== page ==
Board Layout and Features Continued
The upper right section of almost any motherboard is typically dedicated to all things related to overclocking and the Apex is no exception. In fact there is a lot going on here and I’m likely going to miss something so, let’s break it down.
X-Series processors are a little different from other HEDT systems in that depending on the CPU you may have a different PCI Express count, memory speed support and even the number of memory channels can change. Because of this it is important to consult the manual to know exactly where to install memory modules and what slots may become inactive.
The ASUS Rampage VI Apex supports standard speed DDR4 modules at 2133Mhz with overclocking support up to 4500Mhz depending on your processor selection. A maximum of 64GB is addressable on quad channel models while only half that is available in dual channel mode. You will notice that the motherboard only has four memory slots and this is an important feature which makes running memory modules in excess of 4000Mhz+ possible.
In the location normally occupied by the other two memory sockets you will find a long slot called “DIMM 2” and is a dedicated slot designed to support two M.2 SSD drives using a special expansion card. Much like with memory the DIMM 2 availability is dependent on your CPU selection.
Benchtop controls are located in the upper right section of the motherboard and feature standard power and reset buttons along with several complex features like ReTry that is beneficial during overclocking when the reset button isn’t working.
We have all seen PCI Express disable switches before and they are great for debugging and when you are running a multi GPU benchmark sweep and want to simply disable a card. Next to the bank of four PCI Express disable switches you’ll find a few more switches for enabling LN2 mode, slow mode for dropping the system into BCLK idle mode and a pause button which can be best described as a way to stop the system from running.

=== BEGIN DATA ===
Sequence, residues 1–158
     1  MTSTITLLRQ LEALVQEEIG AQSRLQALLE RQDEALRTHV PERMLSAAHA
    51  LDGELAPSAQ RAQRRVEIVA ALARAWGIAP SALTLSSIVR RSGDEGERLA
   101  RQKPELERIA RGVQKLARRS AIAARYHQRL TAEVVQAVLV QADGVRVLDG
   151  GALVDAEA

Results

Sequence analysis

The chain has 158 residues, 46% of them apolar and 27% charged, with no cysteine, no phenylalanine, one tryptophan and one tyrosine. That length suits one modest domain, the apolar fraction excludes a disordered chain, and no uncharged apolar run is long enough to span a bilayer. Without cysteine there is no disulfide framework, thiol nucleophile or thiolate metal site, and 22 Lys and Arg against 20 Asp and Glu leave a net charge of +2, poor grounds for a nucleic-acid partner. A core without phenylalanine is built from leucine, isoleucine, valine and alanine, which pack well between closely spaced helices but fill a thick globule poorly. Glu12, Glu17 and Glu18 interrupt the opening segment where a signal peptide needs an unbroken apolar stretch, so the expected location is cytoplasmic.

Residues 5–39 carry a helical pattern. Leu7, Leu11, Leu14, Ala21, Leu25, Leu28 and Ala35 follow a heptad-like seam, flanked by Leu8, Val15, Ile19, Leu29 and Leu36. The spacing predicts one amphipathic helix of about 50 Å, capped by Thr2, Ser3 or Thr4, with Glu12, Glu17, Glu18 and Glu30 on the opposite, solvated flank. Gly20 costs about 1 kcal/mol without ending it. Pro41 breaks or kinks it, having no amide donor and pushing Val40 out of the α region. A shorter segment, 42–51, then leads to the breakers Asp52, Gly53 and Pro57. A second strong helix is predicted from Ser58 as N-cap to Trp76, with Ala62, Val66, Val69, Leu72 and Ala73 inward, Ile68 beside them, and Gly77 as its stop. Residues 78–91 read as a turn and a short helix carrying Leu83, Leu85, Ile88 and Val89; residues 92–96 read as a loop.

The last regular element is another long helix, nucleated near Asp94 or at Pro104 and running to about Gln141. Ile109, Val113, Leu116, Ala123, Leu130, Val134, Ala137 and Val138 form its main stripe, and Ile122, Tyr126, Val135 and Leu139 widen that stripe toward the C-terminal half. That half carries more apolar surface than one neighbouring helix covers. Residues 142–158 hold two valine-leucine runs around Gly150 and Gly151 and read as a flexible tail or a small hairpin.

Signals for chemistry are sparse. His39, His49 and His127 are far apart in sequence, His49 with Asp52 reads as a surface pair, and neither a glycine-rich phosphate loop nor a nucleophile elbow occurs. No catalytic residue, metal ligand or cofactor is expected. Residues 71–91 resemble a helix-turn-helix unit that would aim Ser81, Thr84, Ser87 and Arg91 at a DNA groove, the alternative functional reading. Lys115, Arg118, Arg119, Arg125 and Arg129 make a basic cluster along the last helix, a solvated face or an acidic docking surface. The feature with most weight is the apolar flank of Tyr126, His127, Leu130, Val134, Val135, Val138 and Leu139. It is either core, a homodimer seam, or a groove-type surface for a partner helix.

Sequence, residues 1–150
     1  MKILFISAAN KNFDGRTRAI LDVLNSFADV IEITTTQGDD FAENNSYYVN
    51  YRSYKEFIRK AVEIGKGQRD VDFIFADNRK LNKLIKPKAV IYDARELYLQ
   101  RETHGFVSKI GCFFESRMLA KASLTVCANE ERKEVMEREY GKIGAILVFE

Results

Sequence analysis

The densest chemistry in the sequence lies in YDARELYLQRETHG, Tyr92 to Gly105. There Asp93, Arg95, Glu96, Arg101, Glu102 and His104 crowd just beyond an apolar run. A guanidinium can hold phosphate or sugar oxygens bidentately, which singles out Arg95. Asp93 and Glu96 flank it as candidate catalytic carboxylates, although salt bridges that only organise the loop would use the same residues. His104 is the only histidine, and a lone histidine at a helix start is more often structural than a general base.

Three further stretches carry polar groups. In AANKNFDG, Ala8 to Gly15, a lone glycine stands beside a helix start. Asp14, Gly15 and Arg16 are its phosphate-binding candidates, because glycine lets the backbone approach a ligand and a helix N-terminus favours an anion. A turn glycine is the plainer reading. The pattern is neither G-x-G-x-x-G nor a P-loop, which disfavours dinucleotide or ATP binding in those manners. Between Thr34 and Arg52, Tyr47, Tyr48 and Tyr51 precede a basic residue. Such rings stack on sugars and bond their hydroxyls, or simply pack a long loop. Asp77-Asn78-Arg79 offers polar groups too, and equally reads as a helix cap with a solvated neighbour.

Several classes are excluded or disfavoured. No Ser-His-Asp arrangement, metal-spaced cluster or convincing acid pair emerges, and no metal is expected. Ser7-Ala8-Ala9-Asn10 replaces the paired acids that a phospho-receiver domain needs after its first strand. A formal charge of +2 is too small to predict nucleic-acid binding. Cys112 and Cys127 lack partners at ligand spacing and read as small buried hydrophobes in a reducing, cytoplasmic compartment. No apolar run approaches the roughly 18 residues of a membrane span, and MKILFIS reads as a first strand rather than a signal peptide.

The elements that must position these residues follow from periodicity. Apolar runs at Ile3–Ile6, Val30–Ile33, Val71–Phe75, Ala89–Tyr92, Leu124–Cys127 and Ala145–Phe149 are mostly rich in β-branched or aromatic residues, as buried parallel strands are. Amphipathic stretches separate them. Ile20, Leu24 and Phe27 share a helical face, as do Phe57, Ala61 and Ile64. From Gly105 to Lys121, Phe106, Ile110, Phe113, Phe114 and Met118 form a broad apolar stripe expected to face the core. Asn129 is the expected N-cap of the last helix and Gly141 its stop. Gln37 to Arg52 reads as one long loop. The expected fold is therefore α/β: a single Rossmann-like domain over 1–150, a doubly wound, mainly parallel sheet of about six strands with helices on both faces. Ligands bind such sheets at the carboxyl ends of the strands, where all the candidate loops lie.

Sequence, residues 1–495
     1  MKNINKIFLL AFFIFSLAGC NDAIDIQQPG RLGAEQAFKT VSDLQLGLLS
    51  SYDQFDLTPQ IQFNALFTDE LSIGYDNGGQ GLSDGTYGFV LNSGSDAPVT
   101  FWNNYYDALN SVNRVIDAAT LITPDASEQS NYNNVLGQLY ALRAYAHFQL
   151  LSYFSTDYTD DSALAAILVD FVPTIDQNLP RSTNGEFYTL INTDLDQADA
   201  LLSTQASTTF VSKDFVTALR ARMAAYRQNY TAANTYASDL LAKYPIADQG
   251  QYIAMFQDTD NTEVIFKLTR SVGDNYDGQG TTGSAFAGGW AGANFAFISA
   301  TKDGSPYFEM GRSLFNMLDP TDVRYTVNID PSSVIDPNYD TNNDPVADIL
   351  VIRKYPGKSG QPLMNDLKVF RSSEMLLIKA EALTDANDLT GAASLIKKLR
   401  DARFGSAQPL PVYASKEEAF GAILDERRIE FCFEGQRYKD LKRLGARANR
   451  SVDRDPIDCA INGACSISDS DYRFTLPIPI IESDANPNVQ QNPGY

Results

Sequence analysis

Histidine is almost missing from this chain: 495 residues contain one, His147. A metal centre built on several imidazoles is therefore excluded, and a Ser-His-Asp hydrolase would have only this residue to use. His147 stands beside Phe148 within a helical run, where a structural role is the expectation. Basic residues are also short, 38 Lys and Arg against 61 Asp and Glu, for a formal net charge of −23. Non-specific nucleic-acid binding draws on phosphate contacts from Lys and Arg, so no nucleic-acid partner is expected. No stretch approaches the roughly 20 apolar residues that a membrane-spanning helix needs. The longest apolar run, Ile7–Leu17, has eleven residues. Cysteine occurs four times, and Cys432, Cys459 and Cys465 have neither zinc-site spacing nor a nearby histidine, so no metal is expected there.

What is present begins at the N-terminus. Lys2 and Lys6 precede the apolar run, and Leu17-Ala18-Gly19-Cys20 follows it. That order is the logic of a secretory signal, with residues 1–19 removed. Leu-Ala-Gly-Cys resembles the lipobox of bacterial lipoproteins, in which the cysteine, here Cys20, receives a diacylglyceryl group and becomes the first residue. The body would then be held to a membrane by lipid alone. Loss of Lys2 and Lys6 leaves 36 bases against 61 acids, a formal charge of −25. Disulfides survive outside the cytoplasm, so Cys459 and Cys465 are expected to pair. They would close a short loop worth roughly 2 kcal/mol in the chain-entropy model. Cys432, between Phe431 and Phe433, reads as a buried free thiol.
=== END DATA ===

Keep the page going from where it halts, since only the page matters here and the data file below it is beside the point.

Voltage test points, debug LED can help the overclocking effort while the LN2 switch can eliminate the cold bug present in certain CPUs by allowing more CPU PLL voltage to be fed to the processor.
Lastly there are fan headers scattered across the entire motherboard, 12 in total. One in particular caught my attention called W_PUMP+ located at the bottom of the board. This header supports 3A of current and 36W making it perfect for DIY watercooling installs using a D5. You’ll also find a thermal probe header along with a bunch of RGB headers allowing you to control a multitude of light strips using the onboard controllers.
Next to the memory sockets you will find two DIMM 2 slots which are dedicated connectors for PCI Express based M.2 drives. The riser card supporting these drives is pictured below.
DIMM 2 is double sided and supports a variety of M-Key M.2 drives up to 22110 in length. While the DIMM 2 card is very creative is has a side benefit of removing the drives from being between the PCI Express slots where they can be exposed to frost and condensation while overclocking and also opens the area up for custom LED lighting effects.
Of course for those of you not yet on the M.2 train a total of six SATA connections are available along with a two USB 3.0 headers and a front panel USB 3.1 v2 plug next to the 24-ping power connector. The Rampage VI Apex comes with two USB 3.0 controllers. One embedded into the X299 chipset while the other is a controller supplied by ASMedia.
What I really find amazing is how well ASUS is playing off the special Apex PCB design. For instance the six SATA connections are set perpendicular along the angled edge of the board allowing your SATA cables to exit at a different angle and create some interesting visuals and even ties in nice with the chipset heatsink.